"Iko Iko" as written by and Rosa Lee/hawkins Hawkins....
My grandma and your grand-ma were sit-tin' by the fire
My grandma told your grand-ma "I'm gon-na set your flag on fire

Talk-in' 'bout, hey now hey now I-ko, I-ko, un-day
Jock-a-mo fee-no ai na-né, jock-a-mo fee na-né

Look at my king all dressed in red I-ko, I-ko, un-day
I bet-cha five dol-lars he'll kill you dead, jock-a-mo fee na-né

Talk-in' 'bout, hey now hey now I-ko, I-ko, un-day
Jock-a-mo fee-no ai na-né, jock-a-mo fee na-né

My flag boy and your flag boy were sit-tin' by the fire
My flag boy told your flag boy "I'm gon-na set your flag on fire"

Talk-in' 'bout, hey now hey now I-ko, I-ko, un-day
Jock-a-mo fee-no ai na-né, jock-a-mo fee na-né

See that guy all dressed in green I-ko, I-ko, un-day
He's not a man, he's a lov-in' ma-chine jock-a mo fee na-né

Talk-in' 'bout, hey now hey now I-ko, I-ko, un-day
Jock-a-mo fee-no ai na-né, jock-a-mo fee na-né

Talk-in' 'bout, hey now hey now I-ko, I-ko, un-day
Jock-a-mo fee-no ai na-né, jock-a-mo fee na-né

Jock-a-mo fee-no ai na-né, jock-a-mo fee na-né


Lyrics submitted by SonicDM

"Iko Iko" as written by Joan Marie Johnson Barbara Anne Hawkins

Lyrics © EMI Music Publishing, Sony/ATV Music Publishing LLC, BMG RIGHTS MANAGEMENT US, LLC

Lyrics powered by LyricFind

Iko Iko song meanings
Add your thoughts

4 Comments

sort form View by:
  • +1
    General Commenti'm not going to pretend like i know what this song is about when all i did was read the article in wikipedia. there's a lot of info about it on there that you can read.

    but i really dig this song.
    RaineBM1185on July 02, 2007   Link
  • +1
    General CommentOK! Well to begin with this version of Iko Iko is as far as I know the first live recorded version and is just a small part of the whole song that has 16 verses of different colours and 16 verses of self position (My___ &, Me___&). Most people also don't understand most of the lyrics because the song is a VERY old traditional Mardi Gras song from a time in history when America had slavery in the south and because the lyrics are in 4 very different languages all blended together. The 4 different languages are also of 2 different types, The European originated languages of English and French are what are known as "hard" languages as in one word or phrase has one or two very specific translatable meaning (Word = Word) and the 2 Native American languages of Cree and Yanktonia are "soft" languages (a term has many meaning that are contextual and interpersonal) With that premise in place I shall try to explain some of the terms into English as best I can from the terms that so many just don't understand at all.
    "Iko Iko" is typically yelled with higher emphasis on the second Iko, and roughly means " Pay Attention, PAY ATTENTION!" It expresses the importance of the message given from the speaker much like firmly striking a gavel in court.
    Now here is another that is mostly thought to be just a single phrase that is actually 4 different phrases with slight different intonations and what might be verbiages that I will try to use very English spellings to attempt to convey.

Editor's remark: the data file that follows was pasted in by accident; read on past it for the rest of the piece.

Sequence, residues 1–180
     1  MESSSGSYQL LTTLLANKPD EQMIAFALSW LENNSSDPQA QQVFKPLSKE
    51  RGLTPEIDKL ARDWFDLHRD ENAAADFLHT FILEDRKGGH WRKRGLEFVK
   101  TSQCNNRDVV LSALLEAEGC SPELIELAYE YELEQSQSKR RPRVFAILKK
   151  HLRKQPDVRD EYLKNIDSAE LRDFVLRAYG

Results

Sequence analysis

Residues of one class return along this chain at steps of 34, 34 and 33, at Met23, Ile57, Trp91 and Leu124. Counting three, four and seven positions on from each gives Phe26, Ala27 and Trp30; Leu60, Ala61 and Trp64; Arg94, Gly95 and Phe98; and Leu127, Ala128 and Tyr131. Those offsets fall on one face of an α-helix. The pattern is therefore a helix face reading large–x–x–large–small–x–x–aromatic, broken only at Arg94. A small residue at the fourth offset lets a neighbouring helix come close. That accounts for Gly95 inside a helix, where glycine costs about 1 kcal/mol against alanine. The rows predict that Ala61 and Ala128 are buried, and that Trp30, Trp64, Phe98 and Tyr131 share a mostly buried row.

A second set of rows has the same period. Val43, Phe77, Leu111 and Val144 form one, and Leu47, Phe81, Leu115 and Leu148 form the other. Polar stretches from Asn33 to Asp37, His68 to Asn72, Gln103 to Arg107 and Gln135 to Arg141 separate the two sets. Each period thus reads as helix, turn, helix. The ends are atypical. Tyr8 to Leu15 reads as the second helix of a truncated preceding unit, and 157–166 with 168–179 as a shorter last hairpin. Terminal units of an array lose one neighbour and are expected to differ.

"Jock-a-moe" in the song actually uses all 4 terms as contextual to the colour verse it is used in.
    "Jock-a-moe" basically would translate to "Your mind knows what your mind knows"
    "Jack-a-moe" basically would translate to "Your mind knows what your mind doesn't know"
    "Chuck-a-moe" basically would translate to "Your mind doesn't know what your mind does know"
    "Chock-a-moe" basically would translate to "Your mind doesn't know what your mind doesn't know"
    If you feel confused about this set of terms then I suggest you try to learn about the 4 positions of meta cognition.
    Also the "fee na-ne" is in 6 different spoken terms of which I think I could really only explain a few into any English understanding. And again I'll try to use some simulance of Emglish spelling to try to represent the intonation of the spoken term.
    "Fee Na-Ne" would be to express the attitude of turning to walk away saying "Whatever dude, I can dance off without caring about your attitude"
    "Finah Nay" would express turning away and saying "Talk to the hand cos my head can't even hear this crap from stupid you!"
    "Finn A Hay" would express turning away and saying "Whatever you have to say will have absolutely no matter to my people because we have no respect for you or your people!"
    So basically the term so often used in the song is a flip, turn, and disregard of someone or something or some idea.
    As I said as I started, this version of "Iko Iko" is just a small portion of the whole song and if anyone wants a few of the verses not in this version then ask me in the reply's and I will offer some of them. I'm pretty sure I remember most all of them, but you'd have to still get the Native American terms to really understand several and most are from the slaves perspective or the Creole or Cajun perspective as also often looked at as "less than privileged WHITE!
    You might even ask for your favorite colour verse!
    Scotty
    scottyboydon September 08, 2017   Link
  • 0
    General Commenti'm not going to pretend like i know what this song is about when all i did was read the article in wikipedia. there's a lot of info about it on there that you can read.

    but i really dig this song.
    RaineBM1185on July 02, 2007   Link
  • -2
    General CommentI was in Portland, Oregon, a few years ago, hanging out with my friend Aaron when this song came on. I listened to the words and said, "I really don't know what they're talking about in this song."

    Aaron replied, "I think it's pretty clear they're talking bout hey now."
    GTonyon March 10, 2010   Link

Add your thoughts

Log in now to tell us what you think this song means.

Don’t have an account? Create an account with SongMeanings to post comments, submit lyrics, and more. It’s super easy, we promise!

Back to top
explain